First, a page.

Drivers with a Core S factor can sit for hours without feeling antsy or restless. They can make good, steady time on the road without feeling stressed. They could drive even longer than regulations allow with less boredom and fatigue than those low in this style.

Drivers with a low S factor tend to be active, restless, and mobile and feel stressed when they have to sit for hours at a time. They need more frequent breaks than their Core S counterparts. They tend to drive faster and get distracted more easily.

Trucking companies that hire drivers with a high S factor have reduced accidents, costs, workers’ comp claims, and turnover. This is the driver you want to hire and retain.

A driver who also has both high S and high C behavioral styles is the ideal driver. Look for my next article on the Core C driver, who’s cautious and compliant to high standards.

©2006 Annette Estes. All Rights Reserved.

Annette Estes is a Certified Professional Behavioral and Values Analyst, Coach, and Trucking Company Consultant. She is an award-winning author and columnist. Subscribe to her free newsletter at HireSafeDrivers.com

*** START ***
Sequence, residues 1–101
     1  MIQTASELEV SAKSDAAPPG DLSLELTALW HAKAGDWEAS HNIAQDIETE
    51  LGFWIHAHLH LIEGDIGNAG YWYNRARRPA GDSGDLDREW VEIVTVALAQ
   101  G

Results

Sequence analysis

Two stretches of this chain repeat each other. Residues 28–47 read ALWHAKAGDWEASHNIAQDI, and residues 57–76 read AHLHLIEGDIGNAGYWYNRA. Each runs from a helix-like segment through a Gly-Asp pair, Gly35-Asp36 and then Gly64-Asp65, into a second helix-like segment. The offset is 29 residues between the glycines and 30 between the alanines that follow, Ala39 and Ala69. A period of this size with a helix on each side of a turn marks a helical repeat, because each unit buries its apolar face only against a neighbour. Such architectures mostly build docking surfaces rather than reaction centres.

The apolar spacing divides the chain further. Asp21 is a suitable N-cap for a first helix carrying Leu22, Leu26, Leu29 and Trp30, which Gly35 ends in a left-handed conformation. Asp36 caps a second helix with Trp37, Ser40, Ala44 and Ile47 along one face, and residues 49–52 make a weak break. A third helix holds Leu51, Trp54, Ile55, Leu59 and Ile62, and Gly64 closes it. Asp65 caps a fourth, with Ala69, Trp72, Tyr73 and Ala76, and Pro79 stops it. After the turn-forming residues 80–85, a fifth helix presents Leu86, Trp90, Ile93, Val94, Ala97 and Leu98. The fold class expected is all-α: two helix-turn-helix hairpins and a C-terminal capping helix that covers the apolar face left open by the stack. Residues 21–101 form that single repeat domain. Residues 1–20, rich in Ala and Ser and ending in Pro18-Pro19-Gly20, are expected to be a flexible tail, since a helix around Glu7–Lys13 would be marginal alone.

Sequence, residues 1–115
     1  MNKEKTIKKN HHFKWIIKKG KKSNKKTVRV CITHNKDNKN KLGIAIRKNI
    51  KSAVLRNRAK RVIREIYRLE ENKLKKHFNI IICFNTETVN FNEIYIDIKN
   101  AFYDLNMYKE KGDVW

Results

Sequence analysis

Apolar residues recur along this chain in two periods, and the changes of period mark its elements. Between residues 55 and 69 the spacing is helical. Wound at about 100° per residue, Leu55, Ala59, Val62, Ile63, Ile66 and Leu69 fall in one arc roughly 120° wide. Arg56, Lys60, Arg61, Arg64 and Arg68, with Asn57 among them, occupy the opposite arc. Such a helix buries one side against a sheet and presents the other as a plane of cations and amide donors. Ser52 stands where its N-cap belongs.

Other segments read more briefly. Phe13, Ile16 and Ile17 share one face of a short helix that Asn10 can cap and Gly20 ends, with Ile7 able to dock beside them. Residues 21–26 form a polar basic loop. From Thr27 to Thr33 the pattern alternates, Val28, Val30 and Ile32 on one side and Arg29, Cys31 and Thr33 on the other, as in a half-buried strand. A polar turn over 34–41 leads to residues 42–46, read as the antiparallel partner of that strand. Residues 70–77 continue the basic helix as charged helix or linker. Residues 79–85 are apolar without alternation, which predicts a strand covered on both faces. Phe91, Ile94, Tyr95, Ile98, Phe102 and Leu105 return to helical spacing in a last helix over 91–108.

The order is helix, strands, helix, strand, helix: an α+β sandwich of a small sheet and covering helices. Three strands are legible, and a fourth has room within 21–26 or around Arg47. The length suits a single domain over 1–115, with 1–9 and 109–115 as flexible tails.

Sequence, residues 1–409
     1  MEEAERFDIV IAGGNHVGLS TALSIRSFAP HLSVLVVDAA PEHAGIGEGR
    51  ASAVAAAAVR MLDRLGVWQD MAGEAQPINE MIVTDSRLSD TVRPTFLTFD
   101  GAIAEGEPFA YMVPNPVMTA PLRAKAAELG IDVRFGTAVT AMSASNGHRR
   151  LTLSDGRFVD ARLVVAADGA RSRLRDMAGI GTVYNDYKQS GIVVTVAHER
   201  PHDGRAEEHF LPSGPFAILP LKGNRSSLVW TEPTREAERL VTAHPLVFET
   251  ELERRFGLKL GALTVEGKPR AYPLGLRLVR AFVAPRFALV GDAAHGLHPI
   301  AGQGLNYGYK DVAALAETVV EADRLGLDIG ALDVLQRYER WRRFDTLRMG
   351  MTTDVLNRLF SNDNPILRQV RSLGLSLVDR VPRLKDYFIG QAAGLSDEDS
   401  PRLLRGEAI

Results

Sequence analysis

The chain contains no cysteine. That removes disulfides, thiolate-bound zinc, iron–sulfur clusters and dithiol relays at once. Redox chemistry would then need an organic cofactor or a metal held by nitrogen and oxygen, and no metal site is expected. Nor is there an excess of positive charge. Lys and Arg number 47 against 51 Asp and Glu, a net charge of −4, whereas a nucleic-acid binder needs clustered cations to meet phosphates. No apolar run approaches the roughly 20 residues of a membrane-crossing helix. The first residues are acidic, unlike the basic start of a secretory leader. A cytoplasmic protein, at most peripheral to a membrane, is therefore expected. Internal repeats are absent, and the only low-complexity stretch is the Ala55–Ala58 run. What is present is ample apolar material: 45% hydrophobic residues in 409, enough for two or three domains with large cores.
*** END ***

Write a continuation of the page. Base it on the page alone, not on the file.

Article Source: Trucking Safety: ”S” is for the Safe Driver

Trucking Safety: ”S” is for the Safe Driver

By Annette Estes

Have you ever wondered why some drivers seem to be accident prone and others have never caused an accident? Would you like to know you’re getting safe drivers before you hire them?

Safety research shows you can determine driver applicants’ probability of causing future accidents by determining their behavioral style and attitudes. (Source: Behavioral and Values Associates, 1993.) A behavioral assessment measures a person’s normal behavior in four areas: D (Dominant), I (Influencing), S (Steadiness), and C (Cautious, Compliant to Standards).

The D factor determines how drivers tend to handle problems and challenges, the I factor looks at their interactions and influence with others, the S at how they respond to the pace of the environment, and the C at how they respond to company and federal rules and regulations set by others.

A DISC behavioral assessment shows how the applicant ranks in each of the four factors from 0% to 100%. Fifty percent is the mid line; above this the person is said to be high in the factor, below 50% – low. The higher or lower the ranking, the more intense the behavior will be. In this article, we’ll look at the highs and lows of the S factor.

Research shows the safest drivers are high in the S factor. Here’s the reason why.

People with a Core S style tend to be steady, reliable, patient, and mild mannered. They’re genuinely nice people who care about serving others. And they’re safety conscious because their number one psychological need is to be safe and secure.